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Numéro de publicationUS20060149129 A1
Type de publicationDemande
Numéro de demandeUS 11/215,660
Date de publication6 juil. 2006
Date de dépôt29 août 2005
Date de priorité5 janv. 2005
Autre référence de publicationEP1835844A1, WO2006073725A1
Numéro de publication11215660, 215660, US 2006/0149129 A1, US 2006/149129 A1, US 20060149129 A1, US 20060149129A1, US 2006149129 A1, US 2006149129A1, US-A1-20060149129, US-A1-2006149129, US2006/0149129A1, US2006/149129A1, US20060149129 A1, US20060149129A1, US2006149129 A1, US2006149129A1
InventeursH. Watts, John Higgins, Fred Seddiqui, Alex Neil, Rupesh Desai
Cessionnaire d'origineWatts H D, John Higgins, Seddiqui Fred R, Neil Alex C, Rupesh Desai
Exporter la citationBiBTeX, EndNote, RefMan
Liens externes: USPTO, Cession USPTO, Espacenet
Catheter with multiple visual elements
US 20060149129 A1
Résumé
A catheter assembly is provided with a first visual device and a second visual device. The second visual device is movable with respect to the first visual device to provide image feedback of a lesion from a different prospective than the first visual device. The second visual device can be moved before, contemporaneously with, or subsequent to a diagnostic or therapeutic procedure. The second visual device can include an elongated tube that can be extended into or retracted out from an insertion tube of the catheter assembly.
Images(6)
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Revendications(29)
1. A catheter assembly, comprising:
a catheter handle coupled to an insertion tube, the insertion tube including at least one lumen extending at least partially through the insertion tube;
a first imaging element positioned at a distal end of the insertion tube for providing a first visual reference for a health care provider; and
a second imaging element configured to be extended out from and retracted into the lumen of the insertion tube, the second imaging element being movable with respect to the first imaging element so as to provide a health care provider a second visual reference or multiple visual references.
2. The catheter assembly of claim 1, additionally including an imaging tube configured to be inserted into a port of the catheter and slidably disposed in the lumen of the insertion tube, the imaging tube including the second imaging element at a distal end thereof.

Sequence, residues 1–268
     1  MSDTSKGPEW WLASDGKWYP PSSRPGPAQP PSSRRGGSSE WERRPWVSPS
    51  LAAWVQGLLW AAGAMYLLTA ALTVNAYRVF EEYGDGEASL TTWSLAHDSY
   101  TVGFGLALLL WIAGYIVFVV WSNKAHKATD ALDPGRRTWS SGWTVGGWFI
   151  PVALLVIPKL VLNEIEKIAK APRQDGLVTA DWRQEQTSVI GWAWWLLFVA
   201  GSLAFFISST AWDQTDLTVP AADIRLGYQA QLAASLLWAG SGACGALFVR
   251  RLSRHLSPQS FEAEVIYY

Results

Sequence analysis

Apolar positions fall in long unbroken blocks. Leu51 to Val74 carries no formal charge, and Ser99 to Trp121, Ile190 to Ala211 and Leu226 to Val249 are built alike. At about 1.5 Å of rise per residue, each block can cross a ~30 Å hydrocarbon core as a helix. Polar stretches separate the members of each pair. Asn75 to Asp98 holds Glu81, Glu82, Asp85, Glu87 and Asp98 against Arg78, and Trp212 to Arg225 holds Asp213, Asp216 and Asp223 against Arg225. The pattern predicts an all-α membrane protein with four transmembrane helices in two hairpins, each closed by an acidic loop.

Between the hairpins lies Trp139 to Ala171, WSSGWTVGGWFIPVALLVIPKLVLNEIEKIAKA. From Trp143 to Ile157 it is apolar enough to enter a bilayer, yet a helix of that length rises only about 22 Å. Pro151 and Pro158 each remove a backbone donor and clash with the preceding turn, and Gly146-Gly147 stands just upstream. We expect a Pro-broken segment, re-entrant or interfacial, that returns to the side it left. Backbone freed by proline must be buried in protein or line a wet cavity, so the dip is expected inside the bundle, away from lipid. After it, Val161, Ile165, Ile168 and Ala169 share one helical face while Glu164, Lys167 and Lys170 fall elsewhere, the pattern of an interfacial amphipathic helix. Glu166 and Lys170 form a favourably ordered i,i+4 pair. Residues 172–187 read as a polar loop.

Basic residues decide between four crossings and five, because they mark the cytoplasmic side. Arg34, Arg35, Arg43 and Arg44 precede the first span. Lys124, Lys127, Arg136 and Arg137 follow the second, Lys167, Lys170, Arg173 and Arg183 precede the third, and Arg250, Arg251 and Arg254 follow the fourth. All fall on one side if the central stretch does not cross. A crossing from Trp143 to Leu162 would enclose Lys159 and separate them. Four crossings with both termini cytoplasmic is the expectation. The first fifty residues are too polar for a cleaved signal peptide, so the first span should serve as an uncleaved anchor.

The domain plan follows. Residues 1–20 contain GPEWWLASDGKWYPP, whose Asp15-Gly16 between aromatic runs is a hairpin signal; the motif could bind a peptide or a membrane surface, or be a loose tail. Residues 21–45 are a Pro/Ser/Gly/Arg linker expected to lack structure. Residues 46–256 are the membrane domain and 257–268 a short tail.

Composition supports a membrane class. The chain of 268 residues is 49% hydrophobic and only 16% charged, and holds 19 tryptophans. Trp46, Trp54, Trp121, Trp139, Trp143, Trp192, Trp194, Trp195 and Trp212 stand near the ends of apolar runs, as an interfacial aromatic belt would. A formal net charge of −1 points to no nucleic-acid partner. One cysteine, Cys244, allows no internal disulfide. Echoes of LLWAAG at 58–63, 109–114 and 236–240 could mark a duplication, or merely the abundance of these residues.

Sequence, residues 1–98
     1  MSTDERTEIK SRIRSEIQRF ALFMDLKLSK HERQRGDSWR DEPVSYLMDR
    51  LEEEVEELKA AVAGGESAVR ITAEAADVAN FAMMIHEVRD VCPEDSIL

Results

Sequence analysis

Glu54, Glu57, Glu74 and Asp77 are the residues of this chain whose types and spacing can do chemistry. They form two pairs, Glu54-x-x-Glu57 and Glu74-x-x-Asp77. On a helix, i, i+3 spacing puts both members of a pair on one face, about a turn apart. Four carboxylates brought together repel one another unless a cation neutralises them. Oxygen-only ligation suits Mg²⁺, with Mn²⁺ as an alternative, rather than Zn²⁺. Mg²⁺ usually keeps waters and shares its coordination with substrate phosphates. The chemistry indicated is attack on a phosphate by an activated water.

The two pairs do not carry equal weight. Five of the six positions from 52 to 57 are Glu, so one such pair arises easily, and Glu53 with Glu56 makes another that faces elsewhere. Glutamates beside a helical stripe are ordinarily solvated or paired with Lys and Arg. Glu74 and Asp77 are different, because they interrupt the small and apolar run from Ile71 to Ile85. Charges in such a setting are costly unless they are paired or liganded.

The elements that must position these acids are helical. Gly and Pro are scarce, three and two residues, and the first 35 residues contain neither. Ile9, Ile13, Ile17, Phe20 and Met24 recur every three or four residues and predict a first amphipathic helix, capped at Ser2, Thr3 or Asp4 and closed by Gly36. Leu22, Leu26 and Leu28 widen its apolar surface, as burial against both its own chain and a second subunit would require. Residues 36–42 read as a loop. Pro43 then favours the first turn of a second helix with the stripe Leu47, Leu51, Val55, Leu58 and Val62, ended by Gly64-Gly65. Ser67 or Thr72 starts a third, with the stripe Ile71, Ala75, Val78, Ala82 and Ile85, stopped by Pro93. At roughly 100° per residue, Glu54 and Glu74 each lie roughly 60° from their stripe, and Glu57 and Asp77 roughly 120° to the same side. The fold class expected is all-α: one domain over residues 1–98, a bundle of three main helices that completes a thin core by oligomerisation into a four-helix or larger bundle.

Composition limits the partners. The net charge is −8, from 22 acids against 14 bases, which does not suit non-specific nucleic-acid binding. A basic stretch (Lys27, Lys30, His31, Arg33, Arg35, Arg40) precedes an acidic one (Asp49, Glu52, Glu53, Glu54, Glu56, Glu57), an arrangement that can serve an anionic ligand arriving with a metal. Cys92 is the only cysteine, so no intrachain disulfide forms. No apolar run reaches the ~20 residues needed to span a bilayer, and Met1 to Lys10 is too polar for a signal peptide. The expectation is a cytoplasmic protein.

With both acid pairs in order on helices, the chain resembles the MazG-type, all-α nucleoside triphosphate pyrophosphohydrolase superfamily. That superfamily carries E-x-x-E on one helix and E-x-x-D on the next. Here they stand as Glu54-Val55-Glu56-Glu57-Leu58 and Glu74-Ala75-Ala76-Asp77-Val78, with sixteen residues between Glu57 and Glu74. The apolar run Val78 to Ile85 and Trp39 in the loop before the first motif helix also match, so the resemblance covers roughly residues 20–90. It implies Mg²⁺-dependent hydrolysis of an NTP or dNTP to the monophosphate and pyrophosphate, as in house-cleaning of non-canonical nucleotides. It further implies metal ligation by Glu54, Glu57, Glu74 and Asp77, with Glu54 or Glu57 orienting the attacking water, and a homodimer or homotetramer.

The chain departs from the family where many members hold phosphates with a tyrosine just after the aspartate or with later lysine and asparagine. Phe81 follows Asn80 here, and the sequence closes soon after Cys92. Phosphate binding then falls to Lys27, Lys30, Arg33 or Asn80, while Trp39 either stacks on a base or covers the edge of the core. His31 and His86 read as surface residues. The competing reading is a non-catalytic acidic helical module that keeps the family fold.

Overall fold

3. The catheter assembly of claim 2, wherein the first and/or second imaging element(s) include(s) a lens and a chip sensor.
4. The catheter assembly of claim 2, additionally including a lighting element at the distal end of the imaging tube.
5. The catheter assembly of claim 2, wherein the imaging tube includes a bendable or steerable distal segment.
6. The catheter assembly of claim 5, wherein the bendable distal segment is made from a shape memory material.
7. The catheter assembly of claim 2, additionally comprising means for bending a distal segment of the imaging tube.
8. The catheter assembly of claim 2, additionally comprising a steering mechanism for directing the movement of a distal segment of the imaging tube.
9. The catheter assembly of claim 1, additionally including a second lumen disposed at least partially through the insertion tube for receiving a therapeutic and/or diagnostic tool.
10. The catheter assembly of claim 1, wherein the second imaging element includes
an elongated tube having a cutout portion at or near a distal tip of the elongated tube; and
an imaging component positioned on a distal side of the cutout portion.
11. The catheter assembly of claim 10, wherein the elongated tube includes a bendable or steerable distal segment.
12. The catheter assembly of claim 1, wherein the second imaging element includes
an elongated tube having a generally V or U shaped cutout portion at or near a distal tip of the elongated tube; and
an imaging component positioned on the distal side of the V or U shaped cutout portion.
13. The catheter assembly of claim 12, wherein the elongated tube includes a bendable or steerable distal segment.
14. The catheter assembly of claim 1, wherein the second imaging element includes
an elongated tube having a cutout portion at or near a distal tip of the elongated tube;
a mirror positioned on a distal side of the cutout portion; and
an imaging component positioned on a proximal side of the cutout portion for receiving the image off of the mirror.
15. The catheter assembly of claim 14, wherein the elongated tube includes a bendable or steerable distal segment.
16. The catheter assembly of claim 1, additionally including a lighting element positioned next to the first imaging element and reflectors positioned next to the second imaging element for reflecting the light from the lighting element.
17. The catheter assembly of claim 1, additionally including means for directing the movement of the insertion tube.
18. The catheter assembly of claim 1, additionally including a steering mechanism for causing directional movement of a distal end of the insertion tube.
19. The catheter assembly of claim 1, additionally including a guidewire configured to be inserted into a port of the catheter and slidably disposed in the lumen of the insertion tube, the guidewire including the second imaging element at a distal end thereof.
20. A catheter assembly comprising:
a first catheter device including an insertion tube and a first imaging device coupled to a distal end of the insertion tube; and
a second catheter device including an imaging tube, the imaging tube configured to be slidably disposed in the insertion tube and to extend out from the insertion tube, the second catheter device comprising a second imaging element that can be moved with respect to the first imaging element.
21. The catheter assembly of claim 20, wherein the first catheter device additionally includes a steering mechanism for directing the movement of the insertion tube.